Director of Tourism removed from position, “not deprived of right to stand for election,” says Government

Guillaume Rose, Director of Monaco Tourism and Congress. Photo: Manuel Vitali/DC
Guillaume Rose, Director of Monaco Tourism and Congress. Photo: Manuel Vitali/DC

According to Sovereign Order published in the Journal de Monaco on November 24, 2017, Guillaume Rose, Director of the Tourism and Convention Office of Monaco, has lost his job.

The decree No. 6.678, relating to the transferring of an official, stated, “Mr. Guillaume Rose, Director of Tourism and Congress, is transferred, in the interests of service, as Technical Advisor to the Directorate of Human Resources and Training of Public Service.”

The move comes after Mr Rose was named as an official candidate on the Primo! party list for the national elections, which take place February 11, 2018.

Prince Albert, having considered the deliberation of the Council of Government on November 23, as presented by the Minister of State, felt, by order of decree, that Mr Rose’s position was a conflict of interest.

Primo! is the party set up by Stéphane Valeri, who was President of the Conseil National from 2003 to 2010. He was then appointed Minister of Health and Social Affairs by Prince Albert in 2010, and resigned from this post on May 24 of this year.

Mr Rose, 48, was appointed Director on October 15, 2011. At the time, he was a national councillor – Chairman of the Social Interests and Diverse Business Committee – which he had held since 2008. (He lost his seat by election in 2013.)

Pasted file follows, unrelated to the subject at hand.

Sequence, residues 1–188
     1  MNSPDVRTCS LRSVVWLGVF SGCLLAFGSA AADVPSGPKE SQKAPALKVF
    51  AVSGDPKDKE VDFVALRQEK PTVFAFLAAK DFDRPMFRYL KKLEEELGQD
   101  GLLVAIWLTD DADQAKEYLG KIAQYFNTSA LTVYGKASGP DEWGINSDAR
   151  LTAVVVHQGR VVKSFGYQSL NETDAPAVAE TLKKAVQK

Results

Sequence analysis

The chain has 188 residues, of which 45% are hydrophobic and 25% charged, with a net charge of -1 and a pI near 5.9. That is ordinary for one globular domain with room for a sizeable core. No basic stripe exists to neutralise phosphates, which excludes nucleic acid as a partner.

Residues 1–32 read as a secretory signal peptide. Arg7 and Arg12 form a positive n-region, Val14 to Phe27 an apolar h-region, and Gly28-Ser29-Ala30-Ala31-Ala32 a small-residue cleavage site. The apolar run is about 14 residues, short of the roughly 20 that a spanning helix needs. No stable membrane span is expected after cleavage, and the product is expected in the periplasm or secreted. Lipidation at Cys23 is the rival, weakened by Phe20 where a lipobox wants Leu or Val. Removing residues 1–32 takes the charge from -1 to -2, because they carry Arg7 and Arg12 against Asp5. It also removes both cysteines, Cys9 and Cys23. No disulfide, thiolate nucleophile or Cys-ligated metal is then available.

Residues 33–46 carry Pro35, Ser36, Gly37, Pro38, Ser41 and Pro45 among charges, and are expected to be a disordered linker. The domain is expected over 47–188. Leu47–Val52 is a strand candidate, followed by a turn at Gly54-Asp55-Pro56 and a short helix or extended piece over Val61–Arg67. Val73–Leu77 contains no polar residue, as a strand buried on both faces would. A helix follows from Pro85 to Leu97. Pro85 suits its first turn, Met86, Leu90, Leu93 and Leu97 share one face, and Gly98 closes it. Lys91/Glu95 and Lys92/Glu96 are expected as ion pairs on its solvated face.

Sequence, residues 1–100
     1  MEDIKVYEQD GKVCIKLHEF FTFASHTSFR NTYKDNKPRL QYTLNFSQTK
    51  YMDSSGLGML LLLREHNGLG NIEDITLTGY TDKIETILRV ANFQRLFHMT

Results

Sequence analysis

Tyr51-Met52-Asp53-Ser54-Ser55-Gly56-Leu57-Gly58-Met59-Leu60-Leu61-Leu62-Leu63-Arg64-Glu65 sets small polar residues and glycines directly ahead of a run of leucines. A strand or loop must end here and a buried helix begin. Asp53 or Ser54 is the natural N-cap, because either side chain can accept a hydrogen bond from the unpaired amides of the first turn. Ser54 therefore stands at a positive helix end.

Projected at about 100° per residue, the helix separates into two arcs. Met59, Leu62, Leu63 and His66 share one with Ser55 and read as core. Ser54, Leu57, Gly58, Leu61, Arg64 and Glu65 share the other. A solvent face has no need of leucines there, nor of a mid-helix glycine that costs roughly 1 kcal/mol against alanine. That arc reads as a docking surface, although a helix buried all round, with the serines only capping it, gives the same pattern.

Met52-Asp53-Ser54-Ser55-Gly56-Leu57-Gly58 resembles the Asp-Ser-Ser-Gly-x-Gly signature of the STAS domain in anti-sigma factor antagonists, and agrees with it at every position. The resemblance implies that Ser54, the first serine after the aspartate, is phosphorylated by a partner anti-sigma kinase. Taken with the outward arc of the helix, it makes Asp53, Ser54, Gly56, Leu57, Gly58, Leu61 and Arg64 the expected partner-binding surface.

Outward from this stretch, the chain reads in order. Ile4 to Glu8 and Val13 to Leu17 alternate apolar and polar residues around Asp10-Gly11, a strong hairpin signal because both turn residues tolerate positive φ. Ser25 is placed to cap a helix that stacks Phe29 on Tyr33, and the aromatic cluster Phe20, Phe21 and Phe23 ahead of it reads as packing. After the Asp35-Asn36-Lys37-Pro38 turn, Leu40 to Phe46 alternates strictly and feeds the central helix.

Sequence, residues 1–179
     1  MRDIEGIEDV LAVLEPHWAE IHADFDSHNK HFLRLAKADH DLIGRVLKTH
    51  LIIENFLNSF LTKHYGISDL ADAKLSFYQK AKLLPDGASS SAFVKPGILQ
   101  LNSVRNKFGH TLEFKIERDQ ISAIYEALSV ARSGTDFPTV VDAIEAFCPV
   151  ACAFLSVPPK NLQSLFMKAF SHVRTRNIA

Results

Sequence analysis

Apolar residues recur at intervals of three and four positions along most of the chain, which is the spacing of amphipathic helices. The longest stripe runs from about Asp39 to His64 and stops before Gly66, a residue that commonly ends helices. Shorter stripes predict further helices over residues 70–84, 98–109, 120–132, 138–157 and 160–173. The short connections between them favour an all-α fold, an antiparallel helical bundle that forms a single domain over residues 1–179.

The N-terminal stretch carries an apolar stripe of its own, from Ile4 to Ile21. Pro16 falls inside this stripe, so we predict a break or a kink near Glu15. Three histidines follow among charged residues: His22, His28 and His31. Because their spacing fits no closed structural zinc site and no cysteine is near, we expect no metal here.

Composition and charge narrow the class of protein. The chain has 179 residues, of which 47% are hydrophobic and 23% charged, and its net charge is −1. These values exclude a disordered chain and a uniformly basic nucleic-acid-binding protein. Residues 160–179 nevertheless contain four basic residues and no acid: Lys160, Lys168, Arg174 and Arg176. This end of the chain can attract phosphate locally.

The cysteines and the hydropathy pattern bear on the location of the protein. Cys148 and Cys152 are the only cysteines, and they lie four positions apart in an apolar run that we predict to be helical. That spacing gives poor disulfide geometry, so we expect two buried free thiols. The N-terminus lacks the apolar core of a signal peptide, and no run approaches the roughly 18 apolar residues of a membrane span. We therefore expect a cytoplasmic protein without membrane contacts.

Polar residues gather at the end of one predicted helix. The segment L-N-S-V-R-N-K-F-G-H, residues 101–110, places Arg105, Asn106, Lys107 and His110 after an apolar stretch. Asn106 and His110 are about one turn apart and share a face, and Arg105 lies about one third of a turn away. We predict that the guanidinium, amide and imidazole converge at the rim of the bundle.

On Sunday, November 26, the Government issued a press statement on taking issue with reports that Mr Rose has been deprived of his rights to stand for election.

The statement read: “Contrary to what has been communicated, Guillaume Rose is not being deprived of the right to stand for election in the Monegasque polls.

“During the campaign period, he is in a position to free himself from his obligation to refrain from political activities, which is imposed upon members of the senior civil service, of which he is a member.

“It is surprising that he should express his surprise, while his attention was repeatedly drawn to his situation and that solutions had been proposed to him.

“Mr Rose could have avoided being transferred in the interest of the service (with the retention of his full salary) if he had opted for one of the several proposals that had been made to him, namely to take leave for exceptional or personal reasons. He could also have been released from his obligations while retaining his title and salary.

“The measures that apply to him are not personal or as a target on a list, but rather they correspond to the impartiality expected of members of the senior civil service, which apply in all similar situations.”

It’s a race to the 2018 elections. Unlike the French elections, in Monaco there is only one round of voting, for which any Monegasque over the age 18 can cast a ballot.

Seats are attributed by a mixture of “first past the post” and proportional representation, that is 16 seats out of the total 24 are attributed to the party that receives the majority, and the remaining 8 seats by proportional representation.

Article first published November 25, 2017.

Stéphane Valeri moves on